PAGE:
Why You Should Still Eat Your Leafy Greens
Even though there are some risks to eating leafy greens, the benefits outweigh the cons.
This week the Center for Science in the Public Interest came out with a study of the “Top 10 Riskiest Foods“–meaning the ones that have made people ill the most often. They’re:
- Leafy greens
- Ice Cream
The report says, “many of the FDA top 10 are, unfortunately some of the healthy and popular foods consumer in the U.S.”
So much to say, so little space to say it! First, most of the runaway media coverage (the press release, BTW, is brilliant: a top 10 that plays on people’s fears) gave most people the impression that these are foods to avoid. Not so fast, my leafy green resistors!
Here’s what you need to know that’s not in most of the articles:
The Study Didn’t Include Meat
In this clip, the CSPI’s director, Caroline Smith DeWaal,says the list only included foods regulated by the FDA–not the USDA. So, actually the more accurate title of the study (though much less media-ready) should be: The 10 Riskiest Foods That Don’t Include Any Meat Products. If it had included meat, beef might have topped the list: According to the Organic Consumer’s Association, 89 percent of beef has small amounts of E. coli. The New York Times just ran a compelling story about a woman crippled–paralyzed–from E. coli in a hamburger.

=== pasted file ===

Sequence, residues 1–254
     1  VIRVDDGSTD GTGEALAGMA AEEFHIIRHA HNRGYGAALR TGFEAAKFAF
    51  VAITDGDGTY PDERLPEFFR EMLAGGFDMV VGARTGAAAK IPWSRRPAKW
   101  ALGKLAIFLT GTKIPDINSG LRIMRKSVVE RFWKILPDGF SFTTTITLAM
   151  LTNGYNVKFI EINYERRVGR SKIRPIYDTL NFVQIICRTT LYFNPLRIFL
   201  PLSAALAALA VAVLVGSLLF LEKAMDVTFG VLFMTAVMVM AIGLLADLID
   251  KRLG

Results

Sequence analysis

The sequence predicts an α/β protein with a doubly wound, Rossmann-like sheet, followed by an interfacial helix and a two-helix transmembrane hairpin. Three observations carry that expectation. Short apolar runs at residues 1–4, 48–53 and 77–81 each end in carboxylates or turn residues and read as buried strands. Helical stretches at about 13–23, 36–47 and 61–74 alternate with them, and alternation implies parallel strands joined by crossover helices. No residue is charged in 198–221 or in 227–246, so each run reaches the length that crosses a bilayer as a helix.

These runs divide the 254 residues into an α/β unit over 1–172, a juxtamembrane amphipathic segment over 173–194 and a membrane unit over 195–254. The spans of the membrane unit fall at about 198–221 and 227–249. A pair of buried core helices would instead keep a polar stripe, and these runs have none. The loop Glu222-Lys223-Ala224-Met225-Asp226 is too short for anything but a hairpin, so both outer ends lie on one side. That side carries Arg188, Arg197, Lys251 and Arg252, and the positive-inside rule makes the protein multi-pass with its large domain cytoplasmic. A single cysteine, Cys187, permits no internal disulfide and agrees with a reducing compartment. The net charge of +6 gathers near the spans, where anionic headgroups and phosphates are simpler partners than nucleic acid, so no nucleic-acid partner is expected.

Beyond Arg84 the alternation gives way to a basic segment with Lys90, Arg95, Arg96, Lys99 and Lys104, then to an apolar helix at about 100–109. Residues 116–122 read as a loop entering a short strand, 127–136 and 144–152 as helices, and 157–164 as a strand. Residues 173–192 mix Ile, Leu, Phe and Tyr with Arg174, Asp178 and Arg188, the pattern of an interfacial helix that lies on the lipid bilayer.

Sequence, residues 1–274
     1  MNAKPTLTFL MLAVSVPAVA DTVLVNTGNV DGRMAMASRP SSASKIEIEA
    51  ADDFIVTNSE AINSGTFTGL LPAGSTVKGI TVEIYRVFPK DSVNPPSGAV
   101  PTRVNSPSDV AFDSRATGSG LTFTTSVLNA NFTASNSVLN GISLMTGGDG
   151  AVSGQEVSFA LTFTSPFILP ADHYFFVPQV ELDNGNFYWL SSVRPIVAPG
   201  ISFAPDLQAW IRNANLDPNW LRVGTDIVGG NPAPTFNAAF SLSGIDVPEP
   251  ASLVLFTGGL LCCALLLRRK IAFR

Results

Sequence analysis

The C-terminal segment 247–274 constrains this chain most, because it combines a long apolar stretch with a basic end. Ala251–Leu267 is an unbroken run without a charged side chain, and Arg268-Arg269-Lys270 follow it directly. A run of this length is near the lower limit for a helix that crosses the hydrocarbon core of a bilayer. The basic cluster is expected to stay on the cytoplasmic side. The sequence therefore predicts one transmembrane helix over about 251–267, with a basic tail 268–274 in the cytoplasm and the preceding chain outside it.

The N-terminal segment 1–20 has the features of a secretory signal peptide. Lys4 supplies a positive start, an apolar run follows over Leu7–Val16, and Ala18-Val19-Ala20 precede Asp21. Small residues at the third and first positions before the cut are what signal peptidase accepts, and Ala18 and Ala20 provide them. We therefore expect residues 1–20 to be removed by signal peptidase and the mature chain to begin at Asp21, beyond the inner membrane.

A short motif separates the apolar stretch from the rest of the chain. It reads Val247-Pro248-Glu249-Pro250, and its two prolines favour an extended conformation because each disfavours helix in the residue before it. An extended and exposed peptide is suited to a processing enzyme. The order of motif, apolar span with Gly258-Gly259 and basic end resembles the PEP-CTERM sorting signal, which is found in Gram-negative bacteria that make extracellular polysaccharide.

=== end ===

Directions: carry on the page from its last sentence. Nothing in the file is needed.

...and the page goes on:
.You Can (and Should) Still Eat Most of These Foods
As one blogging M.D., Turi McNamee, said succintly in her post Why You Shouldn’t Be Afraid of Your Salad: “Yes, according to data from the Center for Science in the Public Interest, now it’s leafy greens that will harm you, with 13,568 illnesses (not deaths, illnesses) over the past 20 years. That’s roughly 678 sick people per year. This made CNNMoney.com news. Meanwhile, over 630,000 people die each year from heart disease, with a significant portion of those attributable to diets largely devoid of leafy greens.”
The CSPI Didn’t Even Mean for You to Read This List
“This list is most important actually to the scienstsis and regulators and policy experts that work on food safety. We’re not actually encouraging consumers to make any changes in the eating habit,” said Dewall in that clip cited above. Huh. Then why the widely disseminated press release?
Leafy Greens Are Worth the ‘Risk’
Spinach, for example, is LOADED with folate, magnesium, calcium, vitamin K, C, & A, manganese, iron and more. According to one of my favorite nutrition sites, WHFoods.com, calorie for calorie spinach has more nutrients than any other food.Not to mention how eating more of those foods and less of thers will usually make us feel lighter, glow-ier, more refreshed and alive! Go, Popeye!